Factors Influencing the Stability of the QCM-D Baseline

Baseline stability is very important for obtaining high-quality and reproducible QCM-D data and measuring them with high-sensitivity. Here are some factors that will help you optimize baseline stability in your QCM-D measurements.

Bubble formation during measurement

Gas bubbles may form on the surface of the sensor when using a liquid that has not been properly degassed. Such bubbles will have an influence both on frequency and on dissipation.
E.g., gas solubility in water decreases with rising temperature. When working at a sensor temperature above room temperature and water-based buffer is introduced into the measuring chamber, then there is a risk of bubble formation. Note that the risk of bubble formation generally increases as the salt concentration of an aqueous solution decreases.

Solution: Use degassed liquids only or make sure that the gas solubility of the liquid is not reduced during measurement.

Temperature variations

a) Measurement with oscillating quartz crystal microbalances is very sensitive to temperature variations. The QSense measuring chambers have a very good temperature stabilization, but large temperature variations in the environment or in the sample solution may not be fully compensated. A change in temperature will change viscosity and density of a liquid and thus, f and D will change, too.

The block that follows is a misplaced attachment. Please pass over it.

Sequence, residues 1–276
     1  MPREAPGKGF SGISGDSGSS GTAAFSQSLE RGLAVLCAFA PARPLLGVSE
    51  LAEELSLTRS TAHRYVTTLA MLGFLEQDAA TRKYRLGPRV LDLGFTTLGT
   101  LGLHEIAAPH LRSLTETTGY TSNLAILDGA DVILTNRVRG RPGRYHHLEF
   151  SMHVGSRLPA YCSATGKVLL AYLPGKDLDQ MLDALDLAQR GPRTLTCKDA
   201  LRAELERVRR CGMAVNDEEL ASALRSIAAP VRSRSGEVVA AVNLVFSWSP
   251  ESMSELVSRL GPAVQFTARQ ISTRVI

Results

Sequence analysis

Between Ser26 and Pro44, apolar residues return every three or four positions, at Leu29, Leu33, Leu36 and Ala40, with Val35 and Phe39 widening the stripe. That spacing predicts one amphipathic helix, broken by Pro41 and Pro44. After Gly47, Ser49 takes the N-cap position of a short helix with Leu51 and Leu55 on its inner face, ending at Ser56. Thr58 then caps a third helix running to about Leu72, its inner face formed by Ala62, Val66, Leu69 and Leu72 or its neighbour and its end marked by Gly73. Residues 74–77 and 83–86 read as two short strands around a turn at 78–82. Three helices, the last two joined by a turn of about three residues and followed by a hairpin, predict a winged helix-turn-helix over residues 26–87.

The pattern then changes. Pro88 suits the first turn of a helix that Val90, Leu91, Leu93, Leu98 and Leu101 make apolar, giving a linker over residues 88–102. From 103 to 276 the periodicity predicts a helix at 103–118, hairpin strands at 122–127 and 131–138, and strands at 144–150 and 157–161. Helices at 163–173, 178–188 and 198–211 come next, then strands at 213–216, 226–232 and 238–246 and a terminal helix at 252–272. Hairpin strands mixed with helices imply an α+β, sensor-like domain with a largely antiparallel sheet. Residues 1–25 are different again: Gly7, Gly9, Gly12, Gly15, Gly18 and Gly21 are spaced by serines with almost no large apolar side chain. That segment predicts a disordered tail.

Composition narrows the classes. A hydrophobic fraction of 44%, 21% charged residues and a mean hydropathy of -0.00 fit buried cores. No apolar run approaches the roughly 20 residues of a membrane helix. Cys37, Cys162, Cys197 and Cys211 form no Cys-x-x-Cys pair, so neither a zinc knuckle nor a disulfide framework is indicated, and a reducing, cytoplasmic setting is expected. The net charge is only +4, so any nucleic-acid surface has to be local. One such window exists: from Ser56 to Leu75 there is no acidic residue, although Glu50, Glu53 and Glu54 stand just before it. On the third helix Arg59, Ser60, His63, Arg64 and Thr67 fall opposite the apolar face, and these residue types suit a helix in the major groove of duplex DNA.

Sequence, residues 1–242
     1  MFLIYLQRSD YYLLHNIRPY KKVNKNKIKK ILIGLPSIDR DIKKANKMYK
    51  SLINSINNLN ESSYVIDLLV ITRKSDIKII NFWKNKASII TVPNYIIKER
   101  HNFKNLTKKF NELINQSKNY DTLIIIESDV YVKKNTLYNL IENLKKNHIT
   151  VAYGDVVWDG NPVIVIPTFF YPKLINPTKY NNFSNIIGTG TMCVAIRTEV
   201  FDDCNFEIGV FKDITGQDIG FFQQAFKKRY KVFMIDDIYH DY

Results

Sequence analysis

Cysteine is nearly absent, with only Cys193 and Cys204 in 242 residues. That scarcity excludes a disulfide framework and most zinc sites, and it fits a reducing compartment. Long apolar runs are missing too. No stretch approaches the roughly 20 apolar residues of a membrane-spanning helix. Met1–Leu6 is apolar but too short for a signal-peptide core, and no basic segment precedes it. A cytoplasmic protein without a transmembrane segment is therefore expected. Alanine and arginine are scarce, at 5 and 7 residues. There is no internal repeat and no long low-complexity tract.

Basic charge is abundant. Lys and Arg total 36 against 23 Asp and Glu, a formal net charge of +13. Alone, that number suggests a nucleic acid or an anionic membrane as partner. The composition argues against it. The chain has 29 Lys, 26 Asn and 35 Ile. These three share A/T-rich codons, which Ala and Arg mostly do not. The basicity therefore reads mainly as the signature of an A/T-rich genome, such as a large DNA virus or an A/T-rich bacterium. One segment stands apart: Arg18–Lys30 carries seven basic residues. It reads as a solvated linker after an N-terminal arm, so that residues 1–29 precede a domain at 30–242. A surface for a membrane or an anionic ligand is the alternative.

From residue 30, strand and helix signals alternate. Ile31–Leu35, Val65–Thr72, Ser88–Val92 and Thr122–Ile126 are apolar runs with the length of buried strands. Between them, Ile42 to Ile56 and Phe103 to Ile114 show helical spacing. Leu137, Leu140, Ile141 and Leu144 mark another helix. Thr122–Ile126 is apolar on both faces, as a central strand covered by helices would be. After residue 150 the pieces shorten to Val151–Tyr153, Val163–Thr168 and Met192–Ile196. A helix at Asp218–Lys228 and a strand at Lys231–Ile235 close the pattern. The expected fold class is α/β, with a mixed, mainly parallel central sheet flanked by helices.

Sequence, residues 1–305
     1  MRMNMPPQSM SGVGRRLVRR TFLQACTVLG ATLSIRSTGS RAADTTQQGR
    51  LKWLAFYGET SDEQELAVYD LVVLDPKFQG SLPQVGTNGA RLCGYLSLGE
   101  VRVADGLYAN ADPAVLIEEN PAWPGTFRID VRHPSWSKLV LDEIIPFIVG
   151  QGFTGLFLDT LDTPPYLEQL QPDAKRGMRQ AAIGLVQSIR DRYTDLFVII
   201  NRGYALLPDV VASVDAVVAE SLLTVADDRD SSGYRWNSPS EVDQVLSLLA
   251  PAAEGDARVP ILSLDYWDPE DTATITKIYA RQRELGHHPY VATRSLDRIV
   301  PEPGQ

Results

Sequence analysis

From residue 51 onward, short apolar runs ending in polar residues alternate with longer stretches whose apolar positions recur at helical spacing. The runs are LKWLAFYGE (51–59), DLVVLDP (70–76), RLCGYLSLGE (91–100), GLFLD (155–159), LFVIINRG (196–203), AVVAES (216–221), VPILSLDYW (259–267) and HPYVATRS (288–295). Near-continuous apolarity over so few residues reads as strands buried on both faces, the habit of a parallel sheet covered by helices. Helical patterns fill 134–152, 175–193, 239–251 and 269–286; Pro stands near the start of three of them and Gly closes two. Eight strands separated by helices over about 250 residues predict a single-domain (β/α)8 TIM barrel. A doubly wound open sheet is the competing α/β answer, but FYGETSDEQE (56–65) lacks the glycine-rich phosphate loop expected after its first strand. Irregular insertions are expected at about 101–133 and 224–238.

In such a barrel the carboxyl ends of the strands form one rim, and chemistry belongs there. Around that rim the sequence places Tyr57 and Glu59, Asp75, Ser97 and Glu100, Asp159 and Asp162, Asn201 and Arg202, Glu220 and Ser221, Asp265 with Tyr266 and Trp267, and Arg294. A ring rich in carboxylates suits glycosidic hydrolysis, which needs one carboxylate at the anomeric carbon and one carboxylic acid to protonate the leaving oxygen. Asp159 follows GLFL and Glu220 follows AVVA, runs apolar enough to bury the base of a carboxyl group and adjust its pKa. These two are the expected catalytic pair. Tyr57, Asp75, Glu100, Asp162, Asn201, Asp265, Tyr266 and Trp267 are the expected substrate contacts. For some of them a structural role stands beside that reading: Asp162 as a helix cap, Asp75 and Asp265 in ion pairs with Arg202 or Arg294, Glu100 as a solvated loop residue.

Solution: Make sure the temperature controller is switched on. Ensure a constant temperature in the environment of the instrument and provide for sufficient and constant air circulation. Protect the instrument against direct sunlight or air currents (e.g. from an air conditioner).
b) Unwanted resonant modes can interfere with the main resonance. These modes are usually very temperature dependent.
Solution: Change the set temperature slightly to get away from the mode interference.
After a system switch-on, insertion of modules or a change of the temperature setting, it will take some time before the entire chamber and the modules reach a temperature equilibrium - please bear that in mind. If possible, wait at least 30 minutes (but anyway until the signal is steady) before starting a measurement after such an event.  

Reactions on the sensor back

The back side of the sensor is just as sensitive to surface reactions as the front side. Both surfaces influence the QCM-D signal in the same way. For example, a variation in the (relative) humidity on the back of the sensor (e.g., due to a leakage or a large temperature shift) can potentially change the amount of water adsorbed on the back and thus affect f and D. Note that the air space on the back of the sensor is in contact and exchange with the ambient environment through the holes for the spring-loaded contacts.
Make sure the dew point of the air around the platform (which is in contact with the back of the sensor) is significantly higher than the measuring temperature.
For additional tips and guidance, refer to Biolin Scientific's guide "How to optimize the QCM-D baseline stability" at www.biolinscientific.com

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